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Southern Baptist Convention president Bobby Welch denounced a Baptist congregation picketing funerals of U.S. troops killed in Iraq, pointing out it is not an SBC church and accusing it of “hate-filled activities.”

Southern Baptist leaders have in the past distanced the denomination from Westboro Baptist Church in Topeka, Kan., an independent congregation famous for its signature message of “God Hates Fags” in protests at events across the country.

For its part, the Westboro Baptist has often taken its “street ministry” to SBC annual meetings, claiming the nation’s largest non-Catholic faith group doesn’t go far enough in its condemnation of homosexuality.

But parishioners, most of whom are members of the extended family of Pastor Fred Phelps, have ignited a new round of criticism by showing up at military funerals mishandling the American flag and holding signs proclaiming U.S. casualties are one more sign that God is judging the nation for advancing the view “it’s OK to be gay.”

Welch, a decorated war hero in Vietnam, criticized Phelps and his church in a Tuesday story in Baptist Press.

Welch, pastor of First Baptist Church in Daytona Beach, Fla., said the protestors “have gone far beyond reason in their efforts to use funerals of our fallen war heroes from Iraq to spotlight themselves.”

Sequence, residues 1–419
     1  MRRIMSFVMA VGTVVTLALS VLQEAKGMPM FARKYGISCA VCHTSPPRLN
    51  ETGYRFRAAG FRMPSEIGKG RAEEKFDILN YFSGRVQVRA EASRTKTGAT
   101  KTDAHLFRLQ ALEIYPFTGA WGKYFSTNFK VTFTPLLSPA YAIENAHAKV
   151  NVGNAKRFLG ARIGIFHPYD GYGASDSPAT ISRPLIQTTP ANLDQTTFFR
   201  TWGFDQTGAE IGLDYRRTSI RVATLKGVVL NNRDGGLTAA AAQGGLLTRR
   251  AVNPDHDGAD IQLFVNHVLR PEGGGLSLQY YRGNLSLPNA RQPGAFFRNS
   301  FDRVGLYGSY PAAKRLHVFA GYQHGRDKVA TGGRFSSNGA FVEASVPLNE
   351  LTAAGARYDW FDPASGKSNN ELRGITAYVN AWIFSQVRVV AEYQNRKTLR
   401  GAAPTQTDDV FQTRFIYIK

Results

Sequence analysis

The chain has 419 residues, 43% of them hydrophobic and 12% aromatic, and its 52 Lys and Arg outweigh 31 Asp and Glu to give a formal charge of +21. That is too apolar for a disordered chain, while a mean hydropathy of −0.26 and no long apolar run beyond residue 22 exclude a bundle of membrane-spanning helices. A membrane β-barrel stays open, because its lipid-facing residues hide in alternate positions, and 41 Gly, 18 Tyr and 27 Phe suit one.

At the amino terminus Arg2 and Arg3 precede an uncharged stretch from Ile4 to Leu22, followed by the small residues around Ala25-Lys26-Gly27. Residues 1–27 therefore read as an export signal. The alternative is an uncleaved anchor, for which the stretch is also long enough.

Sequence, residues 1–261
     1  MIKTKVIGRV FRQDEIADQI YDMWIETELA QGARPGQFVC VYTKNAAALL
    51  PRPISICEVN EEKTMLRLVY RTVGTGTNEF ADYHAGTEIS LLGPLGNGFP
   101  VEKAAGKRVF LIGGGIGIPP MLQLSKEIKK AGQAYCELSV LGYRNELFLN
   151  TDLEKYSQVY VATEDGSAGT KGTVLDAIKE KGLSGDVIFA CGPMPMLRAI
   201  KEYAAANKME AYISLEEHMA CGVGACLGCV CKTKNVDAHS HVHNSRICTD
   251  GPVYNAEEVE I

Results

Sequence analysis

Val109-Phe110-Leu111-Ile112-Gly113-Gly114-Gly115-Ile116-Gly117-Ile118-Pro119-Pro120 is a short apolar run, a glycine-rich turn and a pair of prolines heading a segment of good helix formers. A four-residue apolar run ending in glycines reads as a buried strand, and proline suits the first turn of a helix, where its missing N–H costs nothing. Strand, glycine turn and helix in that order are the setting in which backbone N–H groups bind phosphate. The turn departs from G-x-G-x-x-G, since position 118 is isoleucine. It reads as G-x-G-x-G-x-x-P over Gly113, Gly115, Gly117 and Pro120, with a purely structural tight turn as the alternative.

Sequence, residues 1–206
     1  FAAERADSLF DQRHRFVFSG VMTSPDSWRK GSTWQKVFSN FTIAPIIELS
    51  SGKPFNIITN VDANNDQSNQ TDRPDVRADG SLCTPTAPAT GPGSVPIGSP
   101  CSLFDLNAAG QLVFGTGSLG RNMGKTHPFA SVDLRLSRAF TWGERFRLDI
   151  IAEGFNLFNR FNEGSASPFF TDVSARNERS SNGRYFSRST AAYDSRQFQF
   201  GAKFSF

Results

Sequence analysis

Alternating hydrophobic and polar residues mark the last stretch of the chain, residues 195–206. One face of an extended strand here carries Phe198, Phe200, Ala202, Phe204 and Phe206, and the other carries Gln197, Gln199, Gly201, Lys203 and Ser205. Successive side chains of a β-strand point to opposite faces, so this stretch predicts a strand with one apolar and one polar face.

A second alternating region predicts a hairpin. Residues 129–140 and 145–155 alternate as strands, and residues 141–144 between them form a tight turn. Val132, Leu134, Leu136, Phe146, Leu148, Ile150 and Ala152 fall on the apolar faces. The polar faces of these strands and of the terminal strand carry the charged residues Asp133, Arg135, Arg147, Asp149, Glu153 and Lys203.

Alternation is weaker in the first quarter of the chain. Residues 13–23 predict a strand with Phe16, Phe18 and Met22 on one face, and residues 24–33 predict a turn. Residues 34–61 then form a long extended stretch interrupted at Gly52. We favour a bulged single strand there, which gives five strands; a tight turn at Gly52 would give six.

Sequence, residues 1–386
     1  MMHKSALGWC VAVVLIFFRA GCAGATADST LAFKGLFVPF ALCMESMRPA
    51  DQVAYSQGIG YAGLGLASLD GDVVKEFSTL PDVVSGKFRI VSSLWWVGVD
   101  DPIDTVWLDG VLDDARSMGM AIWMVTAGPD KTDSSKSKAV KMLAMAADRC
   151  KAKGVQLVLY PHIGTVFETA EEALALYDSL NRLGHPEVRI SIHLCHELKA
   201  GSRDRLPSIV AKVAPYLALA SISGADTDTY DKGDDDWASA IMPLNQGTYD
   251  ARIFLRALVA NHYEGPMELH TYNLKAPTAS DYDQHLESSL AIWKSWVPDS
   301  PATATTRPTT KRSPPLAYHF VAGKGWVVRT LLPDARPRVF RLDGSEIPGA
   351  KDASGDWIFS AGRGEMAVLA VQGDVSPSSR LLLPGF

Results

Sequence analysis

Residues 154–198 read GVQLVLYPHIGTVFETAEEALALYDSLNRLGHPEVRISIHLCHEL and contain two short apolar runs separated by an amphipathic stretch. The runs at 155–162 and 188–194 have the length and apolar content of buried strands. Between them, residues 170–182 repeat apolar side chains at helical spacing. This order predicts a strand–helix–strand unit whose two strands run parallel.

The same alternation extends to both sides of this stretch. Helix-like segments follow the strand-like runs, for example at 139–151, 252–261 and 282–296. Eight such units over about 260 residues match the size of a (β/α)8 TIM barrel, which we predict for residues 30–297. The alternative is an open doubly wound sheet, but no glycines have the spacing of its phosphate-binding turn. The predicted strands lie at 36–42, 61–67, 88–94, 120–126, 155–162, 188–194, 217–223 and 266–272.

Welch narrowly survived after being critically wounded in battle. He has written a book applying military principles to church leadership. Welch is friends with Lt. Gen. “Jerry” Boykin, the Pentagon official who two years ago was criticized for speaking in churches and comparing the war on terrorism to spiritual warfare.

“Bin Laden is not the enemy,” Boykin said at one gathering. “No mortal is the enemy. It’s the enemy you can’t see. It’s a war against the forces of darkness. The battle won’t be won with guns. It will be won on our knees.”

Welch defended Boykin in a column hailing him as a hero and labeling his detractors back-stabbers.

Welch contrasted Phelps’ message of hate with Southern Baptists’ commitment, which he described as “to bring Jesus’ love, hope, life and salvation to all.”

Contacted by, Westboro Baptist Church spokesperson Shirley Phelps-Roper called Southern Baptist leaders “false prophets” when it comes to homosexuality.

“We work hard to make sure that people do not hook us up with the cowards at the SBC,” Phelps-Roper said. “They carry the big lie that ‘God loves everyone.'”

Phelps-Roper said a thesis is untrue if it fails at any point, quoting Scripture including Malachi 1, “saith the LORD: yet I loved Jacob, and I hated Esau.”

“You are in this life either Jacob or Esau,” she said in an e-mail interview. “There is no third category. If you are Esau (and the great mass of mankind is) God hates you and you are going to hell!”

Phelps-Roper was among about 10 members of the church who last weekend passed through Smyrna, Tenn., to protest the funeral of Army Staff Sgt. Asbury Hawn II, a Tennessee National Guardsman killed in Iraq Aug. 14.